The U.S. Department of Defense released a new guidance strengthening religious freedom within the military.
Under the revised regulation, Religious Liberty in the Military Services, “…service members have the right to observe the tenets of their religion or to observe no religion at all, as provided in this issuance.”
This new guidance is a huge step in the right direction for America’s brave service members, for whom faith is an essential element of their life and duty. —Mike Berry, General Counsel for First Liberty Institute
The policy, released early this month, states that the military “will accommodate individual expressions of sincerely held beliefs (conscience, moral principles, or religious beliefs) which do not have an adverse impact on military readiness, unit cohesion, good order and discipline, or health and safety.”
The guidelines protect a personnel’s religious belief and such “sincerely held beliefs” will not be used to discriminate, harm, or deny promotion, assignment or any other benefits, reports Military Times. In promoting religious freedom, the policy also calls on the military services to provide the necessary education and training on religious liberty policies.
The updates reflect the requirements stated in the federal Religious Freedom Restoration Act (RFRA) of 1993. The law states that “governments shall not substantially burden a person’s exercise of religion.” The directive also prohibits service members from requiring chaplains to “perform any rite, ritual, or ceremony that is contrary to the conscience, moral principles, or religious beliefs of the chaplain.”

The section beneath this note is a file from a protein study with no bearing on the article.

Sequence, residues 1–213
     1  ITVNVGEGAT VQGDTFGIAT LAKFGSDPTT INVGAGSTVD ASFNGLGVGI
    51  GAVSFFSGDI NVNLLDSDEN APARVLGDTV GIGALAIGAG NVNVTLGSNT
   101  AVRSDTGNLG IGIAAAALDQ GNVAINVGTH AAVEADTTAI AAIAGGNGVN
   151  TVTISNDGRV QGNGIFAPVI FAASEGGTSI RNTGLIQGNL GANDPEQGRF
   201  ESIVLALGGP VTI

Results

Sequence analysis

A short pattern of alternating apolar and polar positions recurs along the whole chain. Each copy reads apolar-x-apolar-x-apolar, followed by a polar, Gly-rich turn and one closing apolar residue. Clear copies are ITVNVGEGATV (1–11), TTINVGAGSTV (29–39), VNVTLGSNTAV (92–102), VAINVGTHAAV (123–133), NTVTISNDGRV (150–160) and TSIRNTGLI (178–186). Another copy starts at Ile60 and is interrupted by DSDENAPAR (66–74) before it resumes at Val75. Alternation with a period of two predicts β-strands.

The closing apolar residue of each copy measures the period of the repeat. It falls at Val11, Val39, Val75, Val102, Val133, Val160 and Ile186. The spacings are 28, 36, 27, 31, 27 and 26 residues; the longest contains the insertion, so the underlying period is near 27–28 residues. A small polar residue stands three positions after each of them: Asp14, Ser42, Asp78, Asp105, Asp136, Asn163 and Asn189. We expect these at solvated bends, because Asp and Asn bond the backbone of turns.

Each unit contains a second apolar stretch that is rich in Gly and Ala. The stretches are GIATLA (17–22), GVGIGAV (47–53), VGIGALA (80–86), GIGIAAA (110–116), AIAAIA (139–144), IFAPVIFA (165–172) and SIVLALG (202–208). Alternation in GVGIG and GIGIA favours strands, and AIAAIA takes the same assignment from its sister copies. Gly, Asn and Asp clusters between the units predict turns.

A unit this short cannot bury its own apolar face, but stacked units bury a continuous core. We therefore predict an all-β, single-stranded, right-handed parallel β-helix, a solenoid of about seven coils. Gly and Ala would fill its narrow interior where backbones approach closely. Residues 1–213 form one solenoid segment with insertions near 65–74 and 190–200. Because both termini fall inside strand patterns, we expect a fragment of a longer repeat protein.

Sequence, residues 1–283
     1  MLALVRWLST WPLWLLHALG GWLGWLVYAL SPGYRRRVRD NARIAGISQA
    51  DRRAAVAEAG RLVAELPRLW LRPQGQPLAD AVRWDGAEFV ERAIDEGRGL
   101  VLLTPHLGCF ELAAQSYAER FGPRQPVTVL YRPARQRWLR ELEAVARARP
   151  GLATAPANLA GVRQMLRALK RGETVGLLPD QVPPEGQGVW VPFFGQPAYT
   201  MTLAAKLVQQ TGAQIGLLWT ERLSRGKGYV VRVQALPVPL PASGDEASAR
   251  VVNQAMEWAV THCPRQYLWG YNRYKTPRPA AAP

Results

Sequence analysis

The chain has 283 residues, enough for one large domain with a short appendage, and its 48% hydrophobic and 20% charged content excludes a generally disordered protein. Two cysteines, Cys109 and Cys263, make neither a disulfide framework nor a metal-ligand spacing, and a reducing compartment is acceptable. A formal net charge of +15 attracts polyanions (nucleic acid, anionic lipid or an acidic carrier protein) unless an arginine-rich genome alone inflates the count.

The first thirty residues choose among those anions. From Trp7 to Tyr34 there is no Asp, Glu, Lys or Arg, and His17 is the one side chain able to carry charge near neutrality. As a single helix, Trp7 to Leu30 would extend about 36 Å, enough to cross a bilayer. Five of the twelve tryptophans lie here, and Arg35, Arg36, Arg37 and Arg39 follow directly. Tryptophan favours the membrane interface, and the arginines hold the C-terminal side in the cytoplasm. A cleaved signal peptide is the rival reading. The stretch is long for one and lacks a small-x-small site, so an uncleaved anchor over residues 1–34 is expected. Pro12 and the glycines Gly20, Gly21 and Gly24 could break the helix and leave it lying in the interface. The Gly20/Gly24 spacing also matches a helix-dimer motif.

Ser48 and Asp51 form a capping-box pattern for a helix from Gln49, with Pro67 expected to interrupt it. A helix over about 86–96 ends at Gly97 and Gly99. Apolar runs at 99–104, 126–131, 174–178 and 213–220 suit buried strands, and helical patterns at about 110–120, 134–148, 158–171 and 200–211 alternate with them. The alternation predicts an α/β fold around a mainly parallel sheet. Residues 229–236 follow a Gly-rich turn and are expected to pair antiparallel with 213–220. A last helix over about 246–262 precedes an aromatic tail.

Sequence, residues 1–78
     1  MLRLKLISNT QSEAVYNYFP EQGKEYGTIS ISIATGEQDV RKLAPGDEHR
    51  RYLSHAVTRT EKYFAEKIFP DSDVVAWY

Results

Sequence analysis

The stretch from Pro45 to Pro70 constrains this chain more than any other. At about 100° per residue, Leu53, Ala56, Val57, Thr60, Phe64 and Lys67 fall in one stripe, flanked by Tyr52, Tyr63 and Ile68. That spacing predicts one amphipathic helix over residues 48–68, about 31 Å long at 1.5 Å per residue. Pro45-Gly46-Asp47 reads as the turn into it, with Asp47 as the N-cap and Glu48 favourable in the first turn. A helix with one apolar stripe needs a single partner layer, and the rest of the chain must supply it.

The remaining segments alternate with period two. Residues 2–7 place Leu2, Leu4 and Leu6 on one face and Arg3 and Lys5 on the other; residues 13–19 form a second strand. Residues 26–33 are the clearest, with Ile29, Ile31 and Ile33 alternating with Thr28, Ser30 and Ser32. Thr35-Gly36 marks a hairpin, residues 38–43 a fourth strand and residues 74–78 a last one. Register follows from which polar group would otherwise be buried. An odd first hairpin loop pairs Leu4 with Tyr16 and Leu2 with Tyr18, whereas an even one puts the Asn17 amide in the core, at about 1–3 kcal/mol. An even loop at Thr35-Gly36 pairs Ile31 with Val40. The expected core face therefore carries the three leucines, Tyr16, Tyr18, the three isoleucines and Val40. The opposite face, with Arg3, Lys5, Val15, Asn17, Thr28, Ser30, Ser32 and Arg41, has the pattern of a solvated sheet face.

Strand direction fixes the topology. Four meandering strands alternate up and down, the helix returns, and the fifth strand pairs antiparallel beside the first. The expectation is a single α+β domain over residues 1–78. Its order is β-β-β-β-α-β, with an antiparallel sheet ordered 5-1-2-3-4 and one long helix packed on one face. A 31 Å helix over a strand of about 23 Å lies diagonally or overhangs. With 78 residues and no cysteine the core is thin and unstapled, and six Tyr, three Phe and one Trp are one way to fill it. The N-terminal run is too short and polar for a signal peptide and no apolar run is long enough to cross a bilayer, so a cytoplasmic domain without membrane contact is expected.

While critics denounced the latest regulations as a means for superior military personnel to push their religious beliefs on subordinates, advocates such as First Liberty Institute lauded the move.
The Texas-based organization welcomed the updated guideline. “We still have a lot of work to do, but this new guidance is a huge step in the right direction for America’s brave service members, for whom faith is an essential element of their life and duty,” said Mike Berry, General Counsel for First Liberty Institute. He added that, “Since the days of the Revolutionary War, religious freedom has been a force multiplier for our military.”
Berry stressed that, “Service members don’t lose their religious freedom by virtue of being in the military.”